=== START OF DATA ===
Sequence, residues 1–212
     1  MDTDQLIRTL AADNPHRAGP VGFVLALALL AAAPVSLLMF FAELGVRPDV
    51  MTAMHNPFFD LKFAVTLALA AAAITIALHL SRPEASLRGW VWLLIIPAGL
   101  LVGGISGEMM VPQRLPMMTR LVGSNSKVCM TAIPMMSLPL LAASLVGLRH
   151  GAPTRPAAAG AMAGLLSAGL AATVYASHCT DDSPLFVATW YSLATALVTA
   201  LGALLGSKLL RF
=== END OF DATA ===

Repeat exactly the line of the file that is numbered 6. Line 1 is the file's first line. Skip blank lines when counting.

   201  LGALLGSKLL RF